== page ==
"Then is the Soul fit to be wrought upon, / And to receive Heav'ns seal's impression."

— Pordage, Samuel (bap. 1633, d. c. 1691)

Place of Publication
Printed by T. R. for Lodowick Lloyd
"Then is the Soul fit to be wrought upon, / And to receive Heav'ns seal's impression."
Metaphor in Context
Not far from thence his hasty steps did move
Under the shadow of a silent Grove:
The place was sacred to a Deity,
Who with still silence would adored be.
No babling Echo in that Grove did dwell:
No whistling Blackbird, no sweet Nightingal,
No Bird at all came near those sacred boughs;
The grasse, nor bleating Sheep, nor mowing Cows
Did feed; no living Creature did that blest
Place enter, to disturb its quiet rest.
No pibble, chiding-Brook ran murmering there,
No Wind to move those silent Leaves did dare:
About the middle of this silent place,
Pitch'd on a mossie Hill a Couch there was;
To this the Pilgrim went, and gently hurl'd
Himself on it; As if another World
He enter'd had, he found himself; a rest
Seiz'd on his working mind; both bad, and best
Thoughts banish'd were; disturbing fancy, or
Imagination did not there discur.
Asleep he was not, nor yet did he dream:
Alive he was, but yet he dead did seem.
His mind work'd not on this, nor that: but he
Rap'd was into a heav'nly Lethargy.
This is the Silent passive state in which
God with his Finger Souls doth often touch:
This is the sleep of Jacob, this the Trance
Of Paul, when he did to the Heav'ns advance:
This is the state, in which the Soul's blest tye
Sees God (beyond Thoughts) Intellectually.
This is the state in which SOPHIA will
Souls (emptied thus) with her blest Spirit fill.
Then is the Soul made fit for to receive
Those Bounties, which Heav'ns blessed Hand doth give.
For whilst thoughts do her empty vessels fill,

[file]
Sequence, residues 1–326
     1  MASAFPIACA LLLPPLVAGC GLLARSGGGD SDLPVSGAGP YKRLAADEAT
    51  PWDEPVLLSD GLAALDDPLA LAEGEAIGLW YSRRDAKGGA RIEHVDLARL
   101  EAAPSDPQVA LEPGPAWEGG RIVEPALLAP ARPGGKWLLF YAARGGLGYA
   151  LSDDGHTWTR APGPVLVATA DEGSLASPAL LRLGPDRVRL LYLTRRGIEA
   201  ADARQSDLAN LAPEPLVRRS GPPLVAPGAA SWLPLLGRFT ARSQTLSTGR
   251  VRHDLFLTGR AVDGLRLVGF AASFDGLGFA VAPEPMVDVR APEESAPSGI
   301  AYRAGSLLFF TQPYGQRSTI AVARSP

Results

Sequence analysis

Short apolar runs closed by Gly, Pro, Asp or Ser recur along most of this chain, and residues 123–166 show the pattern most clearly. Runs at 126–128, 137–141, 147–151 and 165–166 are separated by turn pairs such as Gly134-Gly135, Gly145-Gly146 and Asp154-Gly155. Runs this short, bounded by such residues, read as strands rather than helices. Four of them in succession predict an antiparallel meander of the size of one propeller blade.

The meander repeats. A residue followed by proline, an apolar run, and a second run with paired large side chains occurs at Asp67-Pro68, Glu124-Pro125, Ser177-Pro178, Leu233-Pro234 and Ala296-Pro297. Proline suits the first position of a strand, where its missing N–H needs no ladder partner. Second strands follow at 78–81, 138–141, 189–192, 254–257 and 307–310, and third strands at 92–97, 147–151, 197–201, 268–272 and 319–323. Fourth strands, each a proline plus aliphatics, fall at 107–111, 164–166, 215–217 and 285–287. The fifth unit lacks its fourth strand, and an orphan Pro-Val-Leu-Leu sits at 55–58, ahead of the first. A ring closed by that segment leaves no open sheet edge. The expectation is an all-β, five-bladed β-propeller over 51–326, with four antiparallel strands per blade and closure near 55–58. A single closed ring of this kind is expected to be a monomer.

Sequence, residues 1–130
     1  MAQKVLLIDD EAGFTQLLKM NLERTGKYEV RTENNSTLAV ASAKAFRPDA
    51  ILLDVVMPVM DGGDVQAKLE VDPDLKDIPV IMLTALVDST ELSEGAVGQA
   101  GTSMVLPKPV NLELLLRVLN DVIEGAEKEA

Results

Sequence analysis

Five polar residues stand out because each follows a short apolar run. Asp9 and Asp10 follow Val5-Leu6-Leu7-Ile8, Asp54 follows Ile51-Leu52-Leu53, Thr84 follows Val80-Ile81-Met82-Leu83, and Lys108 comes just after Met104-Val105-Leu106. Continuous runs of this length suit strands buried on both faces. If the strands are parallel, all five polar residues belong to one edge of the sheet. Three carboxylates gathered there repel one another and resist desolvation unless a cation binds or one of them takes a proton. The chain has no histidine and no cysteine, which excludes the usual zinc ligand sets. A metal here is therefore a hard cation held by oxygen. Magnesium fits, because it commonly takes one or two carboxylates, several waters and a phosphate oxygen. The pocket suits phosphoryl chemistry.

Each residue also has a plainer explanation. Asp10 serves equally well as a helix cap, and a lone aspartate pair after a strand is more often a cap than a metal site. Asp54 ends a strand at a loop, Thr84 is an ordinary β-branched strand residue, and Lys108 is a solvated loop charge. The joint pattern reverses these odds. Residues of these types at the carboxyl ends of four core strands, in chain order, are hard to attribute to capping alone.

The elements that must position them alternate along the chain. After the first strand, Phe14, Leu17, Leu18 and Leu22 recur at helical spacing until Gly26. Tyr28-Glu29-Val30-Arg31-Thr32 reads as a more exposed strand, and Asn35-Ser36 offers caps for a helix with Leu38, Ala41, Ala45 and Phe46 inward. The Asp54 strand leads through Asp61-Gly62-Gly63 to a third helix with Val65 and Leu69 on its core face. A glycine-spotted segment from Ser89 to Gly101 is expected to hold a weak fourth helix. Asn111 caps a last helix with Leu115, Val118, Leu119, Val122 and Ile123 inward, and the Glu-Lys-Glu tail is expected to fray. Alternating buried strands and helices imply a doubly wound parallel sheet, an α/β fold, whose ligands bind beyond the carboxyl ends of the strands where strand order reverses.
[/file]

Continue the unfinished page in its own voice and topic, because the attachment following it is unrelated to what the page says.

Receive she cann't Heav'ns higher Bounties well.
A Cup fill'd to the brim can hold no more:
Nor stomachs meat desire, if full before.
Then is the Soul fit to be wrought upon,
And to receive Heav'ns seal's impression.

What in this state she doth or hear, or see,
Must needs be true; she cann't deceived be.
Unutterable were those Sweets, which here
Our Pilgrim felt; before his eyes appear
The Beauties of the inner Worlds, and on
His Soul divine irradiation
Is pour'd: and now his soul with Constant eye
Beholds true glances of Æternity.
Pens are too weak for to expresse the Blisse
Which in this silent state enjoyed is.
Thunders, and Whirlwinds are not Heav'ns choyce;
He softly whispers in a silent Voyce.
The Souls eares then are eyes; what Heav'n then shows
The Soul both hears, sees, feels, and truly knows.
Deep is the sight when that no thoughts controul,
For Heav'n then gives eyes to the passive Soul,
Past reach of Reason then she flyes, and there
With a new Light sees demonstration clear.
Searching "soul" and "seal" in HDIS (Poetry)
Samuel Pordage, Mundorum Explicatio Wherein are Couched the Mysteries of the External, Internal, and Eternal worlds (London: T.R. for Lodowick Lloyd, 1661). <Link to EEBO>
Date of Entry

The Mind is a Metaphor is authored by Brad Pasanek, Assistant Professor of English, University of Virginia.